Owing to the close proximity of the salivary glands to various facial nerves, salivary gland surgery requires a high level of surgical skill and experience.
Salivary gland conditions
Humans have a variety of salivary glands which produce saliva to help transport food from the mouth to the stomach and initiate the process of digestion. There are three pairs (left and right) of major salivary glands: the parotid glands located close to the ears, the submandibular glands under the lower jaw and the sublingual glands beneath the tongue. In addition, there are many minor salivary glands which can be identified as palpable small nodules in the lips or cheeks, for example. Salivary consistency varies by the gland of origin.
Due to the consistency and mineral content of the saliva, salivary stones may develop in various locations. Sialoliths are most frequently encountered in the parotid and, especially, in the submandibular gland due to their long secretory ducts. A salivary stone may remain completely asymptomatic for a long period of time and is often discovered as an incidental finding on an X-ray. A large calculus may block the flow of saliva and thus cause acute
Inflammation of the salivary glands may be the result of impaired salivary flow. This may be caused by various factors: obstruction of the secretory ducts (due to salivary stones or scars at the duct orifices), tissue changes within the salivary glands (resulting from repetitive inflammation, for example) or benign or malignant neoplasms within the salivary glands. Inflammation of the salivary glands may also be caused by viral infections such as mumps.
In the majority of cases, acute sialadenitis is managed conservatively with antibiotic therapy. When the inflammatory symptoms have abated, it is important to treat the cause of the condition and, if necessary, remove the salivary gland affected.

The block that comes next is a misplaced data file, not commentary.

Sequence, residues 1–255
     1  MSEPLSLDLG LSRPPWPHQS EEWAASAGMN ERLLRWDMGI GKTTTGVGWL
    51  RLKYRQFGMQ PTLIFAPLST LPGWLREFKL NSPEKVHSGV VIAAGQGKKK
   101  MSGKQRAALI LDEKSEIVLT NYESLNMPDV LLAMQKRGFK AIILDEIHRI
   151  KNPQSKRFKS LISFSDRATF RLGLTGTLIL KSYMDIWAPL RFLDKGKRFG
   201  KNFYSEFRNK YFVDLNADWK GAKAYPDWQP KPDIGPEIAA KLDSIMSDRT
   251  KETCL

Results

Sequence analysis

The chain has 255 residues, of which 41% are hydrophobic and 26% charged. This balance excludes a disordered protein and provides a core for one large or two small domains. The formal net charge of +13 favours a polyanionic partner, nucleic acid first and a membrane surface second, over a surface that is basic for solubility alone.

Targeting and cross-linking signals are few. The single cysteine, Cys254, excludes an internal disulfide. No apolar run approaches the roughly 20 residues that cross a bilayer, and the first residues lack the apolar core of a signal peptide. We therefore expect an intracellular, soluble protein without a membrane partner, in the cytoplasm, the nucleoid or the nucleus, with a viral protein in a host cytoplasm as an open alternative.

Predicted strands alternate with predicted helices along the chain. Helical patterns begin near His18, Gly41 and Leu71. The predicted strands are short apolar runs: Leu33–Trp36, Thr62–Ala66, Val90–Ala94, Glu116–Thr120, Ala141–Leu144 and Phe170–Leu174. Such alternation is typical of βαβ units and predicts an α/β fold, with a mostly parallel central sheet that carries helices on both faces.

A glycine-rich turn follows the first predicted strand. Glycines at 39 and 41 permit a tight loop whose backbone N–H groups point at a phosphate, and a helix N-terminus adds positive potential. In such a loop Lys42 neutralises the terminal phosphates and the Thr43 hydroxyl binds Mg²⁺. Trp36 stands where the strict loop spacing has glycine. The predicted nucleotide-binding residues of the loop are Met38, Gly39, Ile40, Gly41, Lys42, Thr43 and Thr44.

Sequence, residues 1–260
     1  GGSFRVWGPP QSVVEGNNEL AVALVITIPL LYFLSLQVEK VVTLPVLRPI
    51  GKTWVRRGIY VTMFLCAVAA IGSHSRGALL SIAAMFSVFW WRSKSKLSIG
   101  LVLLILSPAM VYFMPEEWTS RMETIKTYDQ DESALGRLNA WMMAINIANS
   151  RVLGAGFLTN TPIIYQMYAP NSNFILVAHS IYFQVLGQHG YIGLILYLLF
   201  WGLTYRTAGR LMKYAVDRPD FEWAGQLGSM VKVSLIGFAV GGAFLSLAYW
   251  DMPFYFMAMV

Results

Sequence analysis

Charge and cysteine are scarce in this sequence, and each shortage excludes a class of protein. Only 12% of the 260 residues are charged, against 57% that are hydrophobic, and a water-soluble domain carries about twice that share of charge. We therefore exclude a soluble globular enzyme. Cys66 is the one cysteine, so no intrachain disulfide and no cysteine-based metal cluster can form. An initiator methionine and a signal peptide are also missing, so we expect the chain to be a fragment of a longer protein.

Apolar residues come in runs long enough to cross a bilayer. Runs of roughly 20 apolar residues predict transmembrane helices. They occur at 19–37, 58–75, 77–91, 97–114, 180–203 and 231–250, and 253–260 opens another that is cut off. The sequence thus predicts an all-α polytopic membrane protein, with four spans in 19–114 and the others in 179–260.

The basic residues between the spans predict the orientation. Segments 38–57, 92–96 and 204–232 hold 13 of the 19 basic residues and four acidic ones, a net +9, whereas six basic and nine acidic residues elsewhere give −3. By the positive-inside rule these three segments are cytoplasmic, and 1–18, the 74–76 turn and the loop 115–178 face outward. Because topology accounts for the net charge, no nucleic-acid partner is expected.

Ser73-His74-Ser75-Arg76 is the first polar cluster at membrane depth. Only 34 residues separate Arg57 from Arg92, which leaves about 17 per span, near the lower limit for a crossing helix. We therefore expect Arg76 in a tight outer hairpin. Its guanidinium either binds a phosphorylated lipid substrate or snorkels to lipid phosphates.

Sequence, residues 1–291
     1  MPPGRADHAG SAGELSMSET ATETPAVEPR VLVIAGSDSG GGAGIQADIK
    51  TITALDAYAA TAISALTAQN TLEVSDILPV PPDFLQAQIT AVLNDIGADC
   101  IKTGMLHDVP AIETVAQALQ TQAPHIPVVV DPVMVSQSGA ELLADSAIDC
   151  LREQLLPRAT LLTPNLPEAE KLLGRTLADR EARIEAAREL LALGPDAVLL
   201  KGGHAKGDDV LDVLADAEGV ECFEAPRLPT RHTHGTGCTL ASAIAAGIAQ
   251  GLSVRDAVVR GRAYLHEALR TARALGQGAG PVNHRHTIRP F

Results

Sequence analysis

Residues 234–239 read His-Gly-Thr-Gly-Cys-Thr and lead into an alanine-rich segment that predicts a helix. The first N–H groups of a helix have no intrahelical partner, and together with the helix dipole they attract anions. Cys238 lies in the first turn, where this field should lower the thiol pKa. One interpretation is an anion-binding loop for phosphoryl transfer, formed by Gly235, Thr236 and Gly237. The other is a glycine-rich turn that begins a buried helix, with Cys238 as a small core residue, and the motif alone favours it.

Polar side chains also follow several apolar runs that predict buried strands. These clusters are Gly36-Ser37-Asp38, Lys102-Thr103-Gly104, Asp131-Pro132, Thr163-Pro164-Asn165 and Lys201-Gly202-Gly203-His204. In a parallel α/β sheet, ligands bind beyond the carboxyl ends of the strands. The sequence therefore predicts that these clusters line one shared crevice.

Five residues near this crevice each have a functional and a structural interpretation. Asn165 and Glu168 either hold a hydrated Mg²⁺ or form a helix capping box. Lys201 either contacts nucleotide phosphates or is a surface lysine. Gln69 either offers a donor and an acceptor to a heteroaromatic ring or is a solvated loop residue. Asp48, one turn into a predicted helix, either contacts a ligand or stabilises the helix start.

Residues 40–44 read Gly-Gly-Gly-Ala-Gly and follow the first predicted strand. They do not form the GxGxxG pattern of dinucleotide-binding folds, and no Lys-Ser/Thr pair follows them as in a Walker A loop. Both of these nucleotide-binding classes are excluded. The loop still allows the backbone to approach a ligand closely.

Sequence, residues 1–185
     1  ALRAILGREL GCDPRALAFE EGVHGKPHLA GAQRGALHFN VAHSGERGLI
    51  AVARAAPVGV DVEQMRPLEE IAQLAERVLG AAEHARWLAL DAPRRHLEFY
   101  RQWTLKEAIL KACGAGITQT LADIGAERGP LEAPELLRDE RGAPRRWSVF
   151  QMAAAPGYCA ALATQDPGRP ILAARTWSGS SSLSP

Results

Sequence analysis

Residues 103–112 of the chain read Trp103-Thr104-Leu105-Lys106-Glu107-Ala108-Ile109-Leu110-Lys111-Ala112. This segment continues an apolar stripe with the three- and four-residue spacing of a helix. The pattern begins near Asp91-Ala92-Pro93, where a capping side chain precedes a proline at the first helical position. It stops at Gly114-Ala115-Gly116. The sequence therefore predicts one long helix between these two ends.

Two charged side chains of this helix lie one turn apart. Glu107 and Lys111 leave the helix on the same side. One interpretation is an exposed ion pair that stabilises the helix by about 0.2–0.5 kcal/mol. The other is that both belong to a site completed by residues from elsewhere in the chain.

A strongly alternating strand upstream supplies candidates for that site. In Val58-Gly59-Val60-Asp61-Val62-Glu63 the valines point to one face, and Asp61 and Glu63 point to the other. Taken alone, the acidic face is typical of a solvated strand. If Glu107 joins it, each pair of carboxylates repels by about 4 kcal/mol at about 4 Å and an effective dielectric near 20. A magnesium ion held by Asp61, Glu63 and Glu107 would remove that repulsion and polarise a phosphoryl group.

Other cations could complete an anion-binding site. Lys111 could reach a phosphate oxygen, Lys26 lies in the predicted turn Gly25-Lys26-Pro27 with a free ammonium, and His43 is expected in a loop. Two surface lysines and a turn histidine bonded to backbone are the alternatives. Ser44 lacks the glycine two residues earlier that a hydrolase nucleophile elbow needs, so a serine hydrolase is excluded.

Mucous retention cysts
Mucous retention cysts (also referred to as ranulas) are small encapsulated sacs filled with pooled saliva. They may be caused by a minor injury (e.g. mucosal lesion) or by a simple bite trauma. If the swelling increases during meals or when you feel hungry, the lesion is likely to be a mucous retention cyst. A ranula is commonly observed as a bluish swelling bulging into the floor of the mouth, for example. It can be removed in a minor surgical procedure under local anaesthetic. Usually, there are no complications.
Salivary stones (sialoliths)
Due to the consistency and mineral content of the saliva, salivary stones may develop in various locations. Sialoliths are most frequently encountered in the parotid and, especially, in the submandibular gland due to their long secretory ducts. A salivary stone may remain completely asymptomatic for a long period of time and is often discovered as an incidental finding on an X-ray. A large calculus may block the flow of saliva and thus cause acute inflammation of the salivary gland (sialadenitis). This condition usually occurs suddenly and may cause a general feeling of severe malaise.
In the majority of cases, sialadenitis is managed conservatively with antibiotic therapy until the acute inflammatory symptoms have abated. Depending on the location of the salivary calculus, it may be necessary to remove only the stone (endoscopic removal may be an option) or the stone plus the affected salivary gland. Owing to the specific composition of calculi found in the facial region, stone fragmentation, commonly performed to remove stones in other parts of the body (e.g. gallstones) is not promising in the treatment of sialolithiasis.
Tissue neoplasms in glandular structures are identified as palpable nodules or discovered as an incidental finding in slice images (CT or MRI). In the majority of cases, these neoplasms are benign, but specimens should be collected and examined to exclude malignancy. However, salivary glands are located close to various facial nerves. So instead of collecting specimens, the affected glands are usually removed partially or completely to ensure better protection of the nerves.
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